The RMT has accused the government of preventing agreement in the long running rail disputes because of its political agenda.
Staff are walking out again today at Network Rail and most train operators, and only one in five trains are expected to run, with many lines closed entirely. Operators have been urging their passengers not to try to travel. Although ScotRail and Transport for Wales staff are not striking, most trains will not run in England, Scotland or Wales because Network Rail signallers will be absent.
There will be a further London Underground strike tomorrow and another National Rail stoppage on Saturday, which will again affect most of the network.
One major point of contention is that transport secretary Grant Shapps has refused to become involved in the negotiations, saying the dispute is between the unions, Network Rail and the operators, but they are all state controlled since the operators’ franchises were ended. Network Rail is wholly nationalised, and is an ‘arms’ length’ government agency.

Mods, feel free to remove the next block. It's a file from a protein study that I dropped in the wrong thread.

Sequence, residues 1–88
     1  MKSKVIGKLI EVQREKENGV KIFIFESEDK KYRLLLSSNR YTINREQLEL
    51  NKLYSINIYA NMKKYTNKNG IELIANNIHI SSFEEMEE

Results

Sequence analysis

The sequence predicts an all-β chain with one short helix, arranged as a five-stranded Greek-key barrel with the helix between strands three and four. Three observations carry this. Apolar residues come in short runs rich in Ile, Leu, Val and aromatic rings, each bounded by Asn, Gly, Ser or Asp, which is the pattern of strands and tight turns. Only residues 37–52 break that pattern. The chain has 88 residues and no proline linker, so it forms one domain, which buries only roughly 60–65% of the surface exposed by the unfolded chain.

In a letter to Mr Shapps, the RMT has said: ‘Your government has made the decision to use taxpayers’ money to bail out private train companies from being liable for revenue lost because of industrial action on the condition the same companies comply with government instructions to hold down pay, cut thousands of safety critical rail jobs, introduce Driver Only Trains and close ticket offices across the network.
‘Using taxpayers’ money to satisfy the anti-union agenda of the Tory party and seek to break the trade unions is shameful and means the dispute will be prolonged indefinitely as the train companies don’t lose a penny as a result of the industrial action and therefore have no incentive to settle the disputes.’
Mr Lynch, speaking to the BBC from a picket line, said Mr Shapps was ’locked into a cycle where he’s got to appease two really right-wing candidates” in the Conservative leadership race’.
He said the union had calculated that, including the previous and forthcoming action, over £120 million of taxpayers’ money had been used to bail out private train companies to date.
‘Instead of waging an ideological war against rail workers millions of voters would rather that the government allow for a fair negotiated settlement’, he added.
The transport secretary said: ‘It’s clear from their co-ordinated approach that the unions are hell-bent on causing as much misery as possible to the very same taxpayers who stumped up £600 per household to ensure not a single rail worker lost their job during the pandemic.’